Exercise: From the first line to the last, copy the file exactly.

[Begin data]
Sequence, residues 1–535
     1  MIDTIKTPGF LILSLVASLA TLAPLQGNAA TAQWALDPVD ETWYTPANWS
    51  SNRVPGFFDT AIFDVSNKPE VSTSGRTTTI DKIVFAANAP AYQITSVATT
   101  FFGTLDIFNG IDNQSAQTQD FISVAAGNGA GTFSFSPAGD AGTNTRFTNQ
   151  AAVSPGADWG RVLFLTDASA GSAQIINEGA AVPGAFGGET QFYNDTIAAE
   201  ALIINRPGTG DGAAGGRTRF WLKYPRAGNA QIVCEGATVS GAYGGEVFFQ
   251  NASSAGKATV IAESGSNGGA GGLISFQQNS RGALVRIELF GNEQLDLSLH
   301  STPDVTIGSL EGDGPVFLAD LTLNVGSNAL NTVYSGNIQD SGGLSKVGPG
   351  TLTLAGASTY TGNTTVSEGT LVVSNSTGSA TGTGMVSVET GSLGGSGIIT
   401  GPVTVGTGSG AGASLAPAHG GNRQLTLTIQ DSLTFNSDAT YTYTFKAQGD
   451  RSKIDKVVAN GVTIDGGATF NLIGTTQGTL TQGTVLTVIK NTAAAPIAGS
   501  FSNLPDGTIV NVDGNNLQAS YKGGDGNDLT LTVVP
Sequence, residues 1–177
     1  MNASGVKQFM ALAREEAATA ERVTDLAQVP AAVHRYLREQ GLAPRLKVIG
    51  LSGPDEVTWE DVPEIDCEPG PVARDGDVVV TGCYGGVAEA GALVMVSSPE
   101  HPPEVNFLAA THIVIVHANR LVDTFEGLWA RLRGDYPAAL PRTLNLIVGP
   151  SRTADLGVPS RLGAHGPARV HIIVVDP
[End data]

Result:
Sequence, residues 1–535
     1  MIDTIKTPGF LILSLVASLA TLAPLQGNAA TAQWALDPVD ETWYTPANWS
    51  SNRVPGFFDT AIFDVSNKPE VSTSGRTTTI DKIVFAANAP AYQITSVATT
   101  FFGTLDIFNG IDNQSAQTQD FISVAAGNGA GTFSFSPAGD AGTNTRFTNQ
   151  AAVSPGADWG RVLFLTDASA GSAQIINEGA AVPGAFGGET QFYNDTIAAE
   201  ALIINRPGTG DGAAGGRTRF WLKYPRAGNA QIVCEGATVS GAYGGEVFFQ
   251  NASSAGKATV IAESGSNGGA GGLISFQQNS RGALVRIELF GNEQLDLSLH
   301  STPDVTIGSL EGDGPVFLAD LTLNVGSNAL NTVYSGNIQD SGGLSKVGPG
   351  TLTLAGASTY TGNTTVSEGT LVVSNSTGSA TGTGMVSVET GSLGGSGIIT
   401  GPVTVGTGSG AGASLAPAHG GNRQLTLTIQ DSLTFNSDAT YTYTFKAQGD
   451  RSKIDKVVAN GVTIDGGATF NLIGTTQGTL TQGTVLTVIK NTAAAPIAGS
   501  FSNLPDGTIV NVDGNNLQAS YKGGDGNDLT LTVVP
Sequence, residues 1–177
     1  MNASGVKQFM ALAREEAATA ERVTDLAQVP AAVHRYLREQ GLAPRLKVIG
    51  LSGPDEVTWE DVPEIDCEPG PVARDGDVVV TGCYGGVAEA GALVMVSSPE
   101  HPPEVNFLAA THIVIVHANR LVDTFEGLWA RLRGDYPAAL PRTLNLIVGP
   151  SRTADLGVPS RLGAHGPARV HIIVVDP